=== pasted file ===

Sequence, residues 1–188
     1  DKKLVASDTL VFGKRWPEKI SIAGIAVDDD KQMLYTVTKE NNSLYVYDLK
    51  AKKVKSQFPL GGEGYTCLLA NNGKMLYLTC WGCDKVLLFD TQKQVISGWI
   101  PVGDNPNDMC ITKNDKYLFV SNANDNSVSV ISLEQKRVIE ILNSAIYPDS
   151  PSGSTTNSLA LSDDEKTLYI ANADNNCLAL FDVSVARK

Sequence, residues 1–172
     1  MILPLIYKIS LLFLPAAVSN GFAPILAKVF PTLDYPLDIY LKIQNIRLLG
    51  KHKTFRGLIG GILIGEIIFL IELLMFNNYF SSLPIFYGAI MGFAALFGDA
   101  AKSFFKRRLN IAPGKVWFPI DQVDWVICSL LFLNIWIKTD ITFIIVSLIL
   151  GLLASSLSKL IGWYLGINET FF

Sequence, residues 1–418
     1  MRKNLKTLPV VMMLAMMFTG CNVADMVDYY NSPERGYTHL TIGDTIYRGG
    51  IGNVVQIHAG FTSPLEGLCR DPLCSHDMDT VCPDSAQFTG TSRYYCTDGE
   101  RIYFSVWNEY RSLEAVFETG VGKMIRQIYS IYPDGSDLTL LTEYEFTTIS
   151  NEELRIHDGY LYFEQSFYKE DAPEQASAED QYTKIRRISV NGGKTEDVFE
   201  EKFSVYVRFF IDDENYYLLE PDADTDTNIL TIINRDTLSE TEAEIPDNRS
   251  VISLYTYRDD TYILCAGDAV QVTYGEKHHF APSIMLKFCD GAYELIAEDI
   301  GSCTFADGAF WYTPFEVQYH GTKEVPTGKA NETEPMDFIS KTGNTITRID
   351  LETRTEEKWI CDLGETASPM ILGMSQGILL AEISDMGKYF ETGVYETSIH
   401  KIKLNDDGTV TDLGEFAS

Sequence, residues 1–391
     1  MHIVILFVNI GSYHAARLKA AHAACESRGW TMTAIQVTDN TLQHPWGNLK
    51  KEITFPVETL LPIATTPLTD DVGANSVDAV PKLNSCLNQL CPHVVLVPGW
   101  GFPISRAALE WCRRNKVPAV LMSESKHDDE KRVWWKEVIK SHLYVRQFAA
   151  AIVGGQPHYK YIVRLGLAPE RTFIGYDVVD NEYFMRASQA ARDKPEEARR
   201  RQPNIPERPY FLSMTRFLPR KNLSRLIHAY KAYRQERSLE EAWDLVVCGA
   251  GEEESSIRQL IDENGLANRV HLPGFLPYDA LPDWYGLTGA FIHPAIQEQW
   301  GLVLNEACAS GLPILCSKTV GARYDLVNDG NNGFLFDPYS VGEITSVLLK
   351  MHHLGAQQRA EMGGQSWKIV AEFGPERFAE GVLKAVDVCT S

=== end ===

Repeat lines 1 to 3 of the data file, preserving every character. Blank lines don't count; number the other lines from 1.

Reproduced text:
Sequence, residues 1–188
     1  DKKLVASDTL VFGKRWPEKI SIAGIAVDDD KQMLYTVTKE NNSLYVYDLK
    51  AKKVKSQFPL GGEGYTCLLA NNGKMLYLTC WGCDKVLLFD TQKQVISGWI